Zero hours employment contracts: exclusivity clause ban avoidance
13 March 2015
The Small Business, Enterprise and Employment Bill is currently undergoing scrutiny by Parliament and includes the measure to ban exclusivity terms in zero hours contracts.
The Government has published their response to the ‘Banning exclusivity clauses: tackling avoidance’ consultation.
The consultation responses overwhelmingly supported tackling avoidance of the exclusivity ban via secondary legislation, and that this was necessary now rather than waiting to see what happened once the ban came into force.
The response details the next steps, which in summary are:
A new section will be inserted into the Employment Rights Act 1996 rendering exclusivity clauses in zero hours contracts unenforceable.
Draft Regulations to tackle avoidance of the exclusivity ban for zero hours contracts, will be considered during the passage of The Small Business, Enterprise and Employment Bill to assist in Parliamentary scrutiny.
The draft Regulations will include the right for zero hours workers to not suffer detriment on the grounds that the worker has done work or performed services under another contract or arrangement. They can complain to an Employment Tribunal if they consider they have suffered such a detriment.
If the complaint is upheld by an Employment Tribunal, they may receive compensation. Employers could also be subject to civil penalties in circumstances where the worker’s rights have been breached.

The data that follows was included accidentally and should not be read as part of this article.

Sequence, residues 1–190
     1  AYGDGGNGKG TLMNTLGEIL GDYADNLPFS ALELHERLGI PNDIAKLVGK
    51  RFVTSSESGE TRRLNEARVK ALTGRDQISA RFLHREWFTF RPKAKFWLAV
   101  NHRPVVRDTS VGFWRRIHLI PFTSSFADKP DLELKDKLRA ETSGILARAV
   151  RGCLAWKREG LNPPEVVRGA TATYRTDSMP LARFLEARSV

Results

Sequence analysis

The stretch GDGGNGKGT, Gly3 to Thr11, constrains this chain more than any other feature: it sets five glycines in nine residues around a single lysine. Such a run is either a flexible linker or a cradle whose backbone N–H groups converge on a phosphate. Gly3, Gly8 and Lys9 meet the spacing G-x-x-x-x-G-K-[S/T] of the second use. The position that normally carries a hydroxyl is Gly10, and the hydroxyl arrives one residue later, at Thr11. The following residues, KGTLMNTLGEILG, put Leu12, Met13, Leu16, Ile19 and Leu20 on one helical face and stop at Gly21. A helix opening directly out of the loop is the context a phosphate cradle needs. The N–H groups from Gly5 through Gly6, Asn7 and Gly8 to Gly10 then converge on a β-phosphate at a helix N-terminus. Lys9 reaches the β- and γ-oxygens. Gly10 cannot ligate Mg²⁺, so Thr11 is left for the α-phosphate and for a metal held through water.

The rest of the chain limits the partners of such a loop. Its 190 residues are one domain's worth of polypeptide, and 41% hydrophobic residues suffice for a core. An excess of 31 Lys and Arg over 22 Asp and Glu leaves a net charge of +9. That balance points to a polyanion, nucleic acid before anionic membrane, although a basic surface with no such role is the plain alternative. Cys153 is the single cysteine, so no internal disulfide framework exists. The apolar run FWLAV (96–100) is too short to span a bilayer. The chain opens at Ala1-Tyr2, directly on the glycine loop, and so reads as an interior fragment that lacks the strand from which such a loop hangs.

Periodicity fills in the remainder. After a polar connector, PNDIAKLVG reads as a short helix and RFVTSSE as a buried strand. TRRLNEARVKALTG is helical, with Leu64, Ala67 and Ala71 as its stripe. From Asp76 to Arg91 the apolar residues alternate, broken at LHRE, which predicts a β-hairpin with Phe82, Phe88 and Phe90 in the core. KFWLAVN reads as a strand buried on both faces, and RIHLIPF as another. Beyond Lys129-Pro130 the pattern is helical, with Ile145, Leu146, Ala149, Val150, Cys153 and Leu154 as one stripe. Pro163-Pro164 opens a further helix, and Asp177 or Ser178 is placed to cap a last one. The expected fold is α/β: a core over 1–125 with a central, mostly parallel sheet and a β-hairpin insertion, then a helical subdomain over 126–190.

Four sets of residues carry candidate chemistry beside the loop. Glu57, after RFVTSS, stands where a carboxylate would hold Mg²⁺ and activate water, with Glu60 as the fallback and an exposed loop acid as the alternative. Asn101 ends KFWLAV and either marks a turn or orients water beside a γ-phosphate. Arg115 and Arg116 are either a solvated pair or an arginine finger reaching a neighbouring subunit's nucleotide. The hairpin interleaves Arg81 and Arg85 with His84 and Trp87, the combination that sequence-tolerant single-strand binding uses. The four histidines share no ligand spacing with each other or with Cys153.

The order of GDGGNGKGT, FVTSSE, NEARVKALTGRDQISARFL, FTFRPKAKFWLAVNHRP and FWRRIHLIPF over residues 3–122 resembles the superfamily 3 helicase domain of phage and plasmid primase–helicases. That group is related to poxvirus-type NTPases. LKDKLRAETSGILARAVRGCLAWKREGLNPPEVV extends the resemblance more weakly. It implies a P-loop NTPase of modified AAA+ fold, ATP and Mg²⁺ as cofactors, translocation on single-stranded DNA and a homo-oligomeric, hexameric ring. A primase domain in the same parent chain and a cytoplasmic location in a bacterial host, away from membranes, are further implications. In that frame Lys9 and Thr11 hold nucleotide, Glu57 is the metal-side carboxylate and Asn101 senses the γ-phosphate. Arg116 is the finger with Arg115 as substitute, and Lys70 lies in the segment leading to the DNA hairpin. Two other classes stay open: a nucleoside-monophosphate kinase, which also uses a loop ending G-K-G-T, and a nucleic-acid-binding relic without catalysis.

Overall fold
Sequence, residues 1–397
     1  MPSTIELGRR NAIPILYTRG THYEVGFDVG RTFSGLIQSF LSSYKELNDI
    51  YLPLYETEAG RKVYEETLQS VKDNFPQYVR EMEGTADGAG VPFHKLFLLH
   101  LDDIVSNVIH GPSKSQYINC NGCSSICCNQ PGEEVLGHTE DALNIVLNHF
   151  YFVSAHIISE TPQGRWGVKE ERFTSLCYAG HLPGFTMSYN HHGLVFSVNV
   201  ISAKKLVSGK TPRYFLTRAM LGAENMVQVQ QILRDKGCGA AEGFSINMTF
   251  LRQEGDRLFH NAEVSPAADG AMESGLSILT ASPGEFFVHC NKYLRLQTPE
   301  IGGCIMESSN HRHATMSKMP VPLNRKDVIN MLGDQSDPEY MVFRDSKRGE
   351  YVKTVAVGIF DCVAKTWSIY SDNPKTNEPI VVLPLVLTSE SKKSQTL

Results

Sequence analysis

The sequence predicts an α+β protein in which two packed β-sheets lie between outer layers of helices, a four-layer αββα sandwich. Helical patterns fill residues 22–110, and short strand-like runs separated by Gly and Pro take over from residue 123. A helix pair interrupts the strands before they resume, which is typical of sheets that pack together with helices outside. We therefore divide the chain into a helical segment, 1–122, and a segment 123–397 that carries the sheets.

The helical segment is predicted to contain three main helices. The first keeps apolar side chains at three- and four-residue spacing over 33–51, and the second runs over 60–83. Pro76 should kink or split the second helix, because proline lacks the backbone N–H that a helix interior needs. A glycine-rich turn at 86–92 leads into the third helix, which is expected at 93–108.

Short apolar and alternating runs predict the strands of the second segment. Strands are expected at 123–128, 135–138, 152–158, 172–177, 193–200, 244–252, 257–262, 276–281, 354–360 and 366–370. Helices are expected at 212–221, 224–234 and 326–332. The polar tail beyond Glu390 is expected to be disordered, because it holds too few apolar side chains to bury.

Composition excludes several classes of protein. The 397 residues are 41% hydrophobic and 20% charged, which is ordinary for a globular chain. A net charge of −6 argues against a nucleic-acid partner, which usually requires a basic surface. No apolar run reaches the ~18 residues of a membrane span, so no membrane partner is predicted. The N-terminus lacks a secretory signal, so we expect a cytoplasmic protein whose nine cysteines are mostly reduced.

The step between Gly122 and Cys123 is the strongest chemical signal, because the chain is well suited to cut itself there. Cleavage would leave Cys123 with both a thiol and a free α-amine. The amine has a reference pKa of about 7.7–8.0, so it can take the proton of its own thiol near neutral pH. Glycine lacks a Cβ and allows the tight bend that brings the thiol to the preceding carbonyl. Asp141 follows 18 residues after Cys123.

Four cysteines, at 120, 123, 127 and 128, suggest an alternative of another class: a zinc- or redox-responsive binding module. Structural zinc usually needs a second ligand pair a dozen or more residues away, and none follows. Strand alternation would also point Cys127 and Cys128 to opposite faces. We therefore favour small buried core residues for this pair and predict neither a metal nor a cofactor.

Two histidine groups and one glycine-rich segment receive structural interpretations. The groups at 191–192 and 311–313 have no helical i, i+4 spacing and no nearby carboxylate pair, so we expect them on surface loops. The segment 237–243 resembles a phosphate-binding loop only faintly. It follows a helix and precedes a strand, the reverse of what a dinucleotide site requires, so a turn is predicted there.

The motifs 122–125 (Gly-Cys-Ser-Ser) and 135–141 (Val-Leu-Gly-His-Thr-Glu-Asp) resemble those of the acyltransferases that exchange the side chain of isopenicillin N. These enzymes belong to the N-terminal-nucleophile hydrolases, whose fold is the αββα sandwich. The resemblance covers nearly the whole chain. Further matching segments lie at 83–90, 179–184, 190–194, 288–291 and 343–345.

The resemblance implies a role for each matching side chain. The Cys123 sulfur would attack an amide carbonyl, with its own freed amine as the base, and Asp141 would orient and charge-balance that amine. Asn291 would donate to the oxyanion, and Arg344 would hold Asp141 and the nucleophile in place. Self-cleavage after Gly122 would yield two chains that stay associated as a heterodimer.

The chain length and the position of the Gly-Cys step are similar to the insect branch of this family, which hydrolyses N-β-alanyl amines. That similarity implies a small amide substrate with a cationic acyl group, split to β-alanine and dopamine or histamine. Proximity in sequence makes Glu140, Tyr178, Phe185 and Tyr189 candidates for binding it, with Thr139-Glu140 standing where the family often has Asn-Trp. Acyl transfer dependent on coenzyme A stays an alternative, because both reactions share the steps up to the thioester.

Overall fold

The draft Regulations will also extend the prohibition on exclusivity clauses beyond zero hours contracts under which the individual is not guaranteed a certain level of weekly income. There will be an exception to this if the rate of pay for each hour worked under the contract is at least £20.
There will be both an hours and income based threshold. If an employer cannot guarantee a certain weekly income, they would not be able to prevent that person from seeking additional work and income if they so wish. This level of weekly income, below which an employer could not demand exclusivity, would be set by multiplying the agreed number of hours by the adult national minimum wage rate - currently £6.50.
An unintended consequence of the income-based approach is that individuals earning higher hourly rates could inadvertently be captured by the exclusivity ban. For example, an individual may earn a very high hourly rate, but only wishes to commit to one or two hours of work a week. Government believes Regulations should exempt those individuals guaranteed a higher hourly rate. Current thinking suggests this should be set at £20 an hour, so exclusivity clauses will be permitted if the rate of pay for each hour worked under the contract is more than £20.
Existing guidance will be reviewed with a view to improving the information available to individuals and employers on using zero hours contracts. Government will continue to encourage business representatives and unions to develop industry-led, industry-owned, sector-specific codes of practice on the fair use of zero hours contracts as the reality of the situation is likely to be different in each sector.
Read the full response for further details.